Velocity is a vector in Newtonian mechanics

  • #1
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Main Question or Discussion Point

I studied the vector analysis in Arfken and Weber's textbook : Mathematical Methods for Physicists 5th edition.
In this book they give the definition of vectors in N dimensions as the following:
The set of ##N## quantities ##V_{j}## is said to be the components of an N-dimensional vector ##V##
if and only if their values relative to the rotated coordinate axes are given by
$$V_{i}^{'}=\sum_{j=1}^N a_{ij}V_{j},\;i=1,2,...,N$$
From the definition of ##a_{ij}## as the cosine of the angle between the positive ##x_{i}^{'}## direction
and the positive ##x_{j}## direction we may write (Cartesian coordinates)
$$a_{ij}=\frac {\partial x_{i}^{'}} {\partial x_{j}}$$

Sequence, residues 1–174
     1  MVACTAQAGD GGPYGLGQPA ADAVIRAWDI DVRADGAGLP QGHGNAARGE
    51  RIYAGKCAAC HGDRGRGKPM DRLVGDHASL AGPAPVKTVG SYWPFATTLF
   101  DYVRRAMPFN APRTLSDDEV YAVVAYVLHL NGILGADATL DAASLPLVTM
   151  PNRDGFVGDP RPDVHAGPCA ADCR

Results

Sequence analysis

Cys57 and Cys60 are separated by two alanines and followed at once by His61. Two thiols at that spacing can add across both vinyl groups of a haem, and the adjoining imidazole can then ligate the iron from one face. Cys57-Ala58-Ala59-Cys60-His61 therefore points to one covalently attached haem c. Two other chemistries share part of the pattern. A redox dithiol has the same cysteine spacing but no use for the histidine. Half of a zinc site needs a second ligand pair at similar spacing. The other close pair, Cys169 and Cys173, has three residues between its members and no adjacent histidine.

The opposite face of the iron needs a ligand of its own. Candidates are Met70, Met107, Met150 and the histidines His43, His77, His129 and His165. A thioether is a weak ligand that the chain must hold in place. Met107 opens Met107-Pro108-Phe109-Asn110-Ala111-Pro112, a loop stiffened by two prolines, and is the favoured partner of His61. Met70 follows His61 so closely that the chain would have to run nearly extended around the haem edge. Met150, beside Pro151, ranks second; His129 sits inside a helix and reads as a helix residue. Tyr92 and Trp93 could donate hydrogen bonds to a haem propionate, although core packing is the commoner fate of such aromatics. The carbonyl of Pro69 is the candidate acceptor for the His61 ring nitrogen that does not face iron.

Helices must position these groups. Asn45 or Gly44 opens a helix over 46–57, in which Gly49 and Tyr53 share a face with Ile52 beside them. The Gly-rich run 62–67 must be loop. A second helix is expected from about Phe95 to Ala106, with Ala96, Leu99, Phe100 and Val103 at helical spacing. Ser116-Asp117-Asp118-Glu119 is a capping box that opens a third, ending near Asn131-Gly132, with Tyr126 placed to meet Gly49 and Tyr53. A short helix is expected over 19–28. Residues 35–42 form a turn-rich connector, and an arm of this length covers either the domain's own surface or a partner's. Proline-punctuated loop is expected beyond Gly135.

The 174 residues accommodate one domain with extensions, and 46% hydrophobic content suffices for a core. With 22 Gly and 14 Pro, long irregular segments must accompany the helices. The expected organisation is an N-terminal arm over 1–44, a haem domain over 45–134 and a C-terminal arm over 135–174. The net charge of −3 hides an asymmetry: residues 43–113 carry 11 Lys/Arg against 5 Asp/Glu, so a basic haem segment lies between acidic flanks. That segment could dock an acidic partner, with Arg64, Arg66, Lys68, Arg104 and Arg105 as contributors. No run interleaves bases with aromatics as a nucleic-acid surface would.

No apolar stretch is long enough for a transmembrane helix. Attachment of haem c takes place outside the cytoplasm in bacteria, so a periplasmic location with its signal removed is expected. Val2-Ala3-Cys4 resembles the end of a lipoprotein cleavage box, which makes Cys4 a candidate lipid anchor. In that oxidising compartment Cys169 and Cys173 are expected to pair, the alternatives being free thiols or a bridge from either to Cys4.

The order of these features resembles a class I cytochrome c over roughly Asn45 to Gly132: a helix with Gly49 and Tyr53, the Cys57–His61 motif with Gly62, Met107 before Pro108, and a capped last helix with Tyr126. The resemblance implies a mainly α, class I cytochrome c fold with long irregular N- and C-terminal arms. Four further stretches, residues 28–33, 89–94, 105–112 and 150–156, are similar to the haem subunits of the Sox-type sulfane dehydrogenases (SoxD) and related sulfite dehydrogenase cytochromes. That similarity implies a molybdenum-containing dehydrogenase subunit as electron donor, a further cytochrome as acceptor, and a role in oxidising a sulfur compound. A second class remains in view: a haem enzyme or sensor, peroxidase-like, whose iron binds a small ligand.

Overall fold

Can we use the same mathematical method (or tensor analysis) to prove the velocity is a vector in
Newtonian mechanics?
Many thanks!
 

Answers and Replies

  • #2
kuruman
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Can we use the same mathematical method (or tensor analysis) to prove the velocity is a vector in
Newtonian mechanics?
Why not? If you have a position vector ##\vec X## that transforms according to ##X_{i}^{'}=\sum^3_{j=1} a_{ij}X_{j}##, then when you take the time derivative, ##\dot{X}_{i}^{'}=\sum_{j=1}^3 a_{ij}\dot{X}_{j}##. This says that ##\dot{\vec X}## transforms as a vector.
 

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